Let me tell you. I am a collector of fine specimens of the female persuasion, and this one would have gone right to the top ten. What she was doing selling shoes in the Red Wing store at the strip mall is totally beyond my comprehension. This was the redhead that Vogue magazine couldn’t afford for the cover. From Alabama, and no where else.

“Why yayus, Mr. Outfawxed. We’uns can set you’all rhaaight up, now.” I swear, she said you’all instead of the more colloquial y’all. A voice with a morning butter knife full of spun honey, this one.

She took the foot size over my muted protest that my size 9 foot hadn’t changed in 20 years, and I was dubious of any growth spurt other than the alarming protrusion of the holding tank on my forefront.

There is a particular moment when watching, helplessly, as a woman in custom fitted slacks who is constructed with finer components than a Swiss watch walks South when you are standing to the North. The proprietor and I both gazed helplessly, victims of something that good shoes weren’t about to fix. When she disappeared into the mysterious sanctum of boxed shoes awaiting sale, he turned to me as a male, a brother, a look of pure panic in his eye.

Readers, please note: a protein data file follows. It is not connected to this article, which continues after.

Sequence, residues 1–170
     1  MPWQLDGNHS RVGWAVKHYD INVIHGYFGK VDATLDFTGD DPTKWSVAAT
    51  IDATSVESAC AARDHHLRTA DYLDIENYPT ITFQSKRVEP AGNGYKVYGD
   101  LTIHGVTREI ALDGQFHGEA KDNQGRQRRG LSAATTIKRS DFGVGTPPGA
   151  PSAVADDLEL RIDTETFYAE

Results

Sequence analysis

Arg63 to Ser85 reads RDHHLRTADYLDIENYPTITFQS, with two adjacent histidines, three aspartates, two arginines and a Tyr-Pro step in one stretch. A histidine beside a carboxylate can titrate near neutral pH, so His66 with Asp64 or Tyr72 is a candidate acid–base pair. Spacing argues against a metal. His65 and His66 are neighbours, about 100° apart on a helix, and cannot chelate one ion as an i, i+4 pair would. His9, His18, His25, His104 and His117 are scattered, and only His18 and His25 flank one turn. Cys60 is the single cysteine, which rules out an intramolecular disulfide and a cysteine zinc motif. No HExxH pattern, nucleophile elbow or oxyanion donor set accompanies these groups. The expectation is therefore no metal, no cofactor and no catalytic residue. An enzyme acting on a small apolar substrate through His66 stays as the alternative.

“Jesus, the district manager turned her over to me for training yesterday. I haven’t gotten anything done since! Hey, you wanted the Hefty Man Boots with steel, right?”

Somewhat dazedly, I nodded.

“Lord, I’ve got to watch her. I mean…sometimes she…”

He was interrupted by the return of the Magnolia Princess. Smiling, swaying, with four shoeboxes piled up in her arms nearly reaching her perfect chin. The proprietor and I had both been raised right, and sprang to her assistance, which she laughingly elbowed away.

“Now you jest sit rhaaight thar, Mr. Outfawxed, and let me do the shooin’.”

It occurred to me that perhaps four boxes of shoes when one was required might have been a bit much. The proprietor and me were all set for another round of watching Miss Alabama do another lap to the stockroom. A little sitting on the fence rail as the thoroughbreds cantered by, sort of thing. In any event, I was about to be shoed, and not by just any farrier…